Professor and inspiration: Jason Winkle’s journey to becoming a man
Published: Thursday, November 29, 2012
Updated: Friday, November 30, 2012 10:11
As associate dean of the College of Nursing, Health, and Student Services, Jason Winkle isn’t the type of guy who goes out looking for a fight.
But anyone who has attended a traditional or mixed martial arts (MMA) course at Indiana State knows it wouldn’t be a good idea to mess with him.
While studying and teaching at ISU, Winkle has helped expand the martial arts program and introduced a brand new MMA class, which began this fall semester. He’s a proud supporter of Sycamore athletics and a life-long sports junkie, but Winkle isn’t just a “meathead,” obsessed with physical fitness; he believes there’s much more to being healthy than simply being strong.
“People think of [martial arts] as punch, kick and fight, and all this,” he said. “There’s so much more to it once you’re exposed to it and understand it.”
It’s not Winkle’s physical ability that’s truly intimidating, but it’s his expertise in self-defense and several styles of martial arts that would make him a threat to any unfortunate purse-snatcher who happens to be doing business in his general vicinity. With a black belt in Hap Ki Do a sister form of the popular Tae Kwon Do, and instructor status in many other styles of martial arts, Winkle has a deep understanding of handling conflicts.
“I’ve seen that martial arts gives you different lenses with which to look at solving conflicts,” he said. Styles like Aikido and Judo utilize the momentum of an aggressive individual and reverse it, while styles like Kali and Hap Ki Do are designed to quickly end any confrontation, he said, while other forms use direct force. With knowledge in all different facets of martial arts, one can “get a better appreciation for conflict and [understand] that there’s more than one way of solving it.”
Along with his knowledge of martial arts, Winkle possesses a broad background in teaching hand-to-hand combat. In addition to his work with law enforcement and military personnel, Winkle has trained a number of MMA fighters. After earning a master’s degree in sports management from Indiana University and instructing martial arts courses, he came to ISU to revamp the martial arts program, serving as director from 1994 to 2002 while earning a Ph.D. in leadership. Since, the program has been offered as a minor area of study to all students.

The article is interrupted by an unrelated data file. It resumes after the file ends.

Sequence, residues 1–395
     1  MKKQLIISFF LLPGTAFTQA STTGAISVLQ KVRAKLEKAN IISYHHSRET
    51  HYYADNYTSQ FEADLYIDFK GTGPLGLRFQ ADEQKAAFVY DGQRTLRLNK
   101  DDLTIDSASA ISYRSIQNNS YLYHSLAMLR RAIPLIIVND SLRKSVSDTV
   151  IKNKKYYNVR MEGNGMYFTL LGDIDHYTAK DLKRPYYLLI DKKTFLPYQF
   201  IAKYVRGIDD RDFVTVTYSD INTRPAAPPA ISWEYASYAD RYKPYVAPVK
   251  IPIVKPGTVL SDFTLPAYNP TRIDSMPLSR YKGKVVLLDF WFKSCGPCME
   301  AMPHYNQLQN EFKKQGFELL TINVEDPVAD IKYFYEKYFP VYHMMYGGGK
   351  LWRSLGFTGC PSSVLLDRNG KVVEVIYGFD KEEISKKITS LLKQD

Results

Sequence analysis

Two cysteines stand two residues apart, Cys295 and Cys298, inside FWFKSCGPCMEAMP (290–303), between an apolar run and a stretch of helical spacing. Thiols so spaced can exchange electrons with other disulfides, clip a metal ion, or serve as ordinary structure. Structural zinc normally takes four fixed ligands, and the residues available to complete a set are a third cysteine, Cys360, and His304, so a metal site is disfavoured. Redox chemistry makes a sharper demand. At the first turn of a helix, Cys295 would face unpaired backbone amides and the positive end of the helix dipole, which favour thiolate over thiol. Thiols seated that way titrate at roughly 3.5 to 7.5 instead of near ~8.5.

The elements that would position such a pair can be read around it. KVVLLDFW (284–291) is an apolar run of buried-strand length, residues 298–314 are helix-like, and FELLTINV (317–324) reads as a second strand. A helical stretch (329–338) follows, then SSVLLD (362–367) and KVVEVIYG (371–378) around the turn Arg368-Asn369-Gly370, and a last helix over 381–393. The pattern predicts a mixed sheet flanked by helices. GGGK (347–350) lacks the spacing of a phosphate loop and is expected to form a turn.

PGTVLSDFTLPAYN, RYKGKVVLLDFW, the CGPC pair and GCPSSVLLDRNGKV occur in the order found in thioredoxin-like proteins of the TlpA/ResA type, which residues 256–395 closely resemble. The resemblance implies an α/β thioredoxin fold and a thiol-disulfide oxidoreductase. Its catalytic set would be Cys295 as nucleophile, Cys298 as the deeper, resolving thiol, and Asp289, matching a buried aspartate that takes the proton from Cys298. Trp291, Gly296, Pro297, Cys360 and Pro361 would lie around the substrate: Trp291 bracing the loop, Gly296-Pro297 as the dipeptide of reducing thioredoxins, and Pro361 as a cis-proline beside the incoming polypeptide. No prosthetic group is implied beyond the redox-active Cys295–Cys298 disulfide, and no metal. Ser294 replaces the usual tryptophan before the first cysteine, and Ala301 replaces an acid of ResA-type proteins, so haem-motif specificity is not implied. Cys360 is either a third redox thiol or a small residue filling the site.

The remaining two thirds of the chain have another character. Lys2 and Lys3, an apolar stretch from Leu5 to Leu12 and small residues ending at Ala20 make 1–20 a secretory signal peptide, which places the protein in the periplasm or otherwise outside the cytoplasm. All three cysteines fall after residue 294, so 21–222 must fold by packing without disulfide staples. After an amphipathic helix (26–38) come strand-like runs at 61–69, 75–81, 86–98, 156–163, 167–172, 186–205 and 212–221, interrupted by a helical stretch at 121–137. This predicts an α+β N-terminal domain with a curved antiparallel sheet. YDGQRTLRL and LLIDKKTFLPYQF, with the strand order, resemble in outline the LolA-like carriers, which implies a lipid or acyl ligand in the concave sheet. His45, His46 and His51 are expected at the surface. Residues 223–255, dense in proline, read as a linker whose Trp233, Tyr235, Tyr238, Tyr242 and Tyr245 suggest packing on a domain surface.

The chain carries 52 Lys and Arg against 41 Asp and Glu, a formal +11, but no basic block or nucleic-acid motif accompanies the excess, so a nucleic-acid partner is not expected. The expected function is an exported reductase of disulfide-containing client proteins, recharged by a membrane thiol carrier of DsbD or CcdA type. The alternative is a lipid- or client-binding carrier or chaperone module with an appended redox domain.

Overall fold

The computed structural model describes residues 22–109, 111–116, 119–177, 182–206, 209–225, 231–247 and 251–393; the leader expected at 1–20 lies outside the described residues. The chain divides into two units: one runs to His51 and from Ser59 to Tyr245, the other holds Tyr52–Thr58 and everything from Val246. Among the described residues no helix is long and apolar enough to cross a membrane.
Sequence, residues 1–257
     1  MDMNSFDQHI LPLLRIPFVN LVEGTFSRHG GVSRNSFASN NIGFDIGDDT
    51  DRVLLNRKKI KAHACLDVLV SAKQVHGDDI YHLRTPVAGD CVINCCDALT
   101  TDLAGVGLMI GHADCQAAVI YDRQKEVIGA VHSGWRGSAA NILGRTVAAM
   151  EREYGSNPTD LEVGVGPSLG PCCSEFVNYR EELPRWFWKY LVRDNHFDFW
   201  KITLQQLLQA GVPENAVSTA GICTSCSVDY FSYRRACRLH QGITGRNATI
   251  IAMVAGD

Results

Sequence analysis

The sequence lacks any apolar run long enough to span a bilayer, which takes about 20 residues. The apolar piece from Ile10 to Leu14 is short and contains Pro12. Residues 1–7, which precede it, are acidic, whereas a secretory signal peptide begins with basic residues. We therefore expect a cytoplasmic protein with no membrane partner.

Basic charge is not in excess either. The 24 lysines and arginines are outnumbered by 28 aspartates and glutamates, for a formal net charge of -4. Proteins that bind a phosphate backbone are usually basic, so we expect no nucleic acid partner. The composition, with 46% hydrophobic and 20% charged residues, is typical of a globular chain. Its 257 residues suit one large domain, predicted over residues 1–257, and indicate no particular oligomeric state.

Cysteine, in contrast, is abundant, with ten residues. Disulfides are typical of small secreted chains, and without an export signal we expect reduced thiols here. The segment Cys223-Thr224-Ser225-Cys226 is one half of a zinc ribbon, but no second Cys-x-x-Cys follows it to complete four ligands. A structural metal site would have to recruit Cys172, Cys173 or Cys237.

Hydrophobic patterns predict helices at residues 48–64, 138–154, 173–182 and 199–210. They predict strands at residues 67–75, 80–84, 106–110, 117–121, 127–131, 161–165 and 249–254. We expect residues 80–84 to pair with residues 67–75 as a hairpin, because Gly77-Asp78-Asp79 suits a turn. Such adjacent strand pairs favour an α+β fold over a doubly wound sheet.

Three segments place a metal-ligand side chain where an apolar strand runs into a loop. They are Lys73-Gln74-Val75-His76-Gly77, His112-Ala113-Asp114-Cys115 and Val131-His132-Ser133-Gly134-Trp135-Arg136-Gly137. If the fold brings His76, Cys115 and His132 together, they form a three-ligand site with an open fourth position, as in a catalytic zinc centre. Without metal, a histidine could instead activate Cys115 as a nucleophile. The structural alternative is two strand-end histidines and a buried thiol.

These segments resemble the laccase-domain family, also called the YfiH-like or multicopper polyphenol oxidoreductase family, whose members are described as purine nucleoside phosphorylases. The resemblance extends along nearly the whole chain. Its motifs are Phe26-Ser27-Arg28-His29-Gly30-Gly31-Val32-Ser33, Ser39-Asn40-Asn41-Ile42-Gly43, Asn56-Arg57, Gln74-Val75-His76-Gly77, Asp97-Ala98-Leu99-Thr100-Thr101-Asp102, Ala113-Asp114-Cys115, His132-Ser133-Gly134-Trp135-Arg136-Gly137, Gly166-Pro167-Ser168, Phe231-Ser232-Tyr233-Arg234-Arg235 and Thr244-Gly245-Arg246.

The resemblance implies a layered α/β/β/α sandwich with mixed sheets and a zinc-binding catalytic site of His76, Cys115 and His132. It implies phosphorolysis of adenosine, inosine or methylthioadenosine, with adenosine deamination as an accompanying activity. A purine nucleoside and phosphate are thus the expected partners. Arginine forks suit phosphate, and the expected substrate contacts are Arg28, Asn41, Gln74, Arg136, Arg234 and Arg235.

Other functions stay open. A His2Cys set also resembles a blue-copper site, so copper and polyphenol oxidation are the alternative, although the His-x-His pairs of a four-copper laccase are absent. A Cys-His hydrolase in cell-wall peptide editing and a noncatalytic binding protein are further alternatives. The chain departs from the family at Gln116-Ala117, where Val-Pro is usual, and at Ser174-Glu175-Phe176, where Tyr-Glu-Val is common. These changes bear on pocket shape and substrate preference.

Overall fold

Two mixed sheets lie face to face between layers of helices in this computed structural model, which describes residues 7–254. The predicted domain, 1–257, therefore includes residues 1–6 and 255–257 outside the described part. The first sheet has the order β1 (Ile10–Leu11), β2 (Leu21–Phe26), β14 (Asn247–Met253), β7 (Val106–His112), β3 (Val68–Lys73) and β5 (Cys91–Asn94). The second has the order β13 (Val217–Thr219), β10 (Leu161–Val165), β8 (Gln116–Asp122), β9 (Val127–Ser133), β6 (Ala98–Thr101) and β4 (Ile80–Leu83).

“The idea is to expose individuals to a wide variety of martial arts,” he said. “What we’re hoping to do is to create an interest in a lifelong activity for people.”
After studying at IU, Winkle’s career took an interesting turn. Upon interviewing at West Point Military Academy, he landed a job as Director of Combatives at one of the most prestigious military academies in the United States. Winkle remained at West Point for five years, where he developed a curriculum to push cadets towards battle-readiness in the area of hand-to-hand combat, including physical as well as psychological preparation.
“[Mike Tyson] always said, ‘Everybody’s got a plan until they get punched in the face,’” he said. “You can talk all you want, but when you get punched in the face, how you respond to that type of adversity and that physical aggression, it’s hard to tell how to do it unless it happens to you. So we tried to prepare [cadets] psychologically for what might happen with that much aggression.”
But when it comes to training future soldiers, anything could happen when one enters the field of battle. That’s why tactical training was a crucial part of Winkle’s curriculum. Hand to hand combat occurs on a “continuum,” he said, from “trying to get an angry mother, in an area that’s being occupied, settled down … to what if this person has a weapon and they have to be neutralized. So it could be anything from control tactics to the other end of the spectrum.”
As an instructor, Winkle learned some valuable life lessons and gained insight into what it really takes to be a man.
“I could view things from an outsider’s perspective that made me respect West Point and the military and those young people that made the selfless decision to go there,” he said. “West point is holding [cadets] to a character standard ... what they’re saying is ‘If we can’t trust you with little things in the scope of life, how could we ever trust you when another person’s life is in your hands?’ … those are the kind of lessons and things I learned about what it means to be a person of character. That’s something that all young men want and crave.”
In 2007, Winkle left his job in West Point, New York to become an associate professor for the College of Nursing, Health, and Student Services at ISU. Named associate dean in 2009, Winkle has moved up in the ranks, but is still involved in instructing martial arts courses and training MMA fighters. He prepared ISU faculty David McMannus for a title fight and victory in the Indiana-Cage-Fighting (ICF) league last spring. Winkle and McMannus co-teach the brand new MMA class offered this semester and plan to implement both martial arts and MMA clubs for student participation this spring.